- Matcha Do About Nothing. Tequila blanco, ceremonial-grade matcha, coconut milk, toasted sesame-infused agave, tapioca pearls cured in savory edamame syrup, lime bitters —Gracias Madre, West Hollywood, Calif.
6. MAPLE SYRUP
Maple has come a long way from replacing sugar in a brandy milk punch. Maple water might be the next coconut water for its mild, faintly sweet flavor. Bar chefs are smoking maple to create a high-impact modifier. Natural maple soda and cider-vinegar based, maple-sweetened switchel are terrific mixers or base ingredients for mocktails, while granulated maple lends a more delicate sweetness to a muddle or rim.
Formats: Sugar • Candy • Water • Soda • Switchel • Smoked • Bitters
- Jackie O. Rye, root beer extract, maple, black walnut bitters, orange —Armoury D.E., Dallas
- Canadian Cold Press. Bourbon, Luxardo Amaro Abano, maple, housemade cold press —Saint Dinette, St. Paul, Minn.
7. COLD BREW
Rich and deep with light tannin and bitter but sweet notes, smoky, fruity and aromatic, cold-brew coffee makes the cocktail cut. The single strength can produce a warming (or warm) cocktail or a refreshingly tall cooler. From a nitro draft, it contributes a great Guinness-like smoothness. Cold-brew concentrate or syrup means a little goes a long way. Frozen into cubes lends a slow melt of flavor; as crushed ice, it’s a stimulating adult snow cone.
Formats: Cold • Hot • Tapped • Concentrate • Soda • Ice
- Marooned on Coffee Island. Hamilton Jamaican Pot Still Gold Rum, Mount Gay Black Barrel, cold-brew coffee, salt-roasted plantain, PX Sherry, Bittermens Xocolatl Mole Bitters, cinnamon and fresh whipped cream—The Dawson, Chicago
- Nitro Brut. Grand Marnier, simple syrup, nitro cold- brew coffee and a Champagne topper—Beatrix, Chicago
Any cook knows that a pinch of salt adds a lot. Bartenders are catching on, embracing salt and salty preps in places well beyond the margarita rim. Bar chefs have taken to salting their mise-en-place preps, mixers and syrups as a matter of course, dosing saline into mixing glasses before shaking, grinding an exotic salt blend over foamy drink tops and, of course, rimming those glasses with all manner of crunchy varietals and flavor-infused options.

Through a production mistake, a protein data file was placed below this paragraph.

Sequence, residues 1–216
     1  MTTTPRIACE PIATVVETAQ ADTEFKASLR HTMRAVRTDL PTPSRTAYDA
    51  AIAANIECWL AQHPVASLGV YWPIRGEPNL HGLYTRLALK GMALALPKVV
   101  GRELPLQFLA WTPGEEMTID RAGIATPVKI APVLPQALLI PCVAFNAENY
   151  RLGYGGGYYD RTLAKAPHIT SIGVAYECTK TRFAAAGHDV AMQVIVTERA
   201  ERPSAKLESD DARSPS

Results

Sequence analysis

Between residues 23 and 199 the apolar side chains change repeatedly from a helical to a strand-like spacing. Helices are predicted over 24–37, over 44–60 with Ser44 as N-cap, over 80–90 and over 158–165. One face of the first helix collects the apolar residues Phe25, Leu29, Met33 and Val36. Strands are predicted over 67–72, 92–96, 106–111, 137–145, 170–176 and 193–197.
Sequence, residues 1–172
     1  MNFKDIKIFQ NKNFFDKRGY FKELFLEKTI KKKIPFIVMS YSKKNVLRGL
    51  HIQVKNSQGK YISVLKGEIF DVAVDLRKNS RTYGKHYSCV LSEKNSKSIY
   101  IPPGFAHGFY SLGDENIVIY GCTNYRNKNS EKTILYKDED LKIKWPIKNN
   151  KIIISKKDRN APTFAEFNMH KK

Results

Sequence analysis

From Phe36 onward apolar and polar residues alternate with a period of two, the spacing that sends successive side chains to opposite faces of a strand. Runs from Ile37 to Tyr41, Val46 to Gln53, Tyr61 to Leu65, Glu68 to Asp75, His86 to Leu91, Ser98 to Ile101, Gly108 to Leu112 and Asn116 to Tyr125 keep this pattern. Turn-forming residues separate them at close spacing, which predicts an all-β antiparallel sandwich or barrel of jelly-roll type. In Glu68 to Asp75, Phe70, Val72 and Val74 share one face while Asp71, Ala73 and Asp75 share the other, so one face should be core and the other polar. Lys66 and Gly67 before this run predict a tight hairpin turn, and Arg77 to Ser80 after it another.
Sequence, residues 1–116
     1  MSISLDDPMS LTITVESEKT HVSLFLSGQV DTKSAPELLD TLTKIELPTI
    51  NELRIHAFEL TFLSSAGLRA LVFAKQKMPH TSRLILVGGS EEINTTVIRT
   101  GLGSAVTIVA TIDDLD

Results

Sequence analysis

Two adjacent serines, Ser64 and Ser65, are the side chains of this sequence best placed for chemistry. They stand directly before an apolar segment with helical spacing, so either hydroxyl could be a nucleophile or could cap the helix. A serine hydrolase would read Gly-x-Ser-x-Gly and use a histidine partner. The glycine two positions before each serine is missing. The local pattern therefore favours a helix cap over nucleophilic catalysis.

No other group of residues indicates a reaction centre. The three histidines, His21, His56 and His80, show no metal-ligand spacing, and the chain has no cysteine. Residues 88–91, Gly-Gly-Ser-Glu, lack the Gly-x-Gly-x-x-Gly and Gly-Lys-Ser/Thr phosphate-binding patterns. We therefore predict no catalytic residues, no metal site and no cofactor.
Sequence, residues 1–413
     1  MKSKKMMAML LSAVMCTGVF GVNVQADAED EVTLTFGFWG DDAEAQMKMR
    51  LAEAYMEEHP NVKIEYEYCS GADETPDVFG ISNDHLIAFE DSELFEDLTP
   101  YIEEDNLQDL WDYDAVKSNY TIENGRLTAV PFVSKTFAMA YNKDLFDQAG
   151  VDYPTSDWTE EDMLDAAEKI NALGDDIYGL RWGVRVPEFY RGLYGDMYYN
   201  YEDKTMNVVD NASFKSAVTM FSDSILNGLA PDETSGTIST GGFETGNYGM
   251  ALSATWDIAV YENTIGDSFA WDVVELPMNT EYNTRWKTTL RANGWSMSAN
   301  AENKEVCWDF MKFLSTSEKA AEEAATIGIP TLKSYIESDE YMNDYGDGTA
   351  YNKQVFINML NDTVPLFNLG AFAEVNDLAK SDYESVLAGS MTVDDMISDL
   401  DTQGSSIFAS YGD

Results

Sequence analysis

Formats: Solutions • Grinds • Brines • Infusions • Rimmer
- Hey Ho, Let’s Go! Lemon juice, Crazy Water No. 4 Texas mineral water, Ethiopian Sidama Ardi cold-brew coffee, Demerara syrup, Merlot Cassis, Bols Genever, Jameson and mineral saline (salt solution) —Midnight Rambler, Dallas
- La Condesa Classic. El Jimador Silver, Patrón Citrónge, lime juice, agave nectar, cactus-lemongrass-infused salt —La Condesa, Austin, Texas
Chanterelles, oyster, candy cap, hen-of-the-woods, shiitake and truffles all add umami to cocktails with methods like infusing spirits, syrups, bitters or salts, concentrating juice or candying. Mushroom dust is an aromatic addition. The fungi pair nicely with savories like pungent herbs, salt, sesame, vegetal amari or aromatized wines, sherries and vermouths.
Formats: Cooked • Candied • Dried • Powdered • Infusions • Syrup • Tincture • Bitters • Salt
- Long Strange Trip. Candy cap mushroom-infused 1776 Rye Whiskey, lemon, black pepper, Zucca Amaro —Dirty Water, San Francisco
- The Truffle Pig. Añejo tequila, muddled rosemary-honey spiced ’shrooms, fresh lemon, seared hen-of-the-woods mushroom top —FT33, Dallas
We know the appeal of the olive juice-laden dirty martini or a splash of pickle brine in a Bloody Mary. It’s only natural that the evolution of cocktails from sweet to sour, savory and salty and the trend of pickling come together. From dropping a pickled jalapeño into a mezcal or infusing vodka with kimchi, this trend has gone beyond experimental.
Formats: Herbs • Sweet • Sour • Mustard Kimchi • Kraut • Juice • Infusions
- Der Schmutzige. Black pepper/mustard vodka with pickle, beet and kraut juice —Wunderbar at Grünauer, Kansas City, Mo.
- Pickletini. Luksusowa Potato Vodka, pickle juice, olive juice, pickle spear —Tattooed Mom, Philadelphia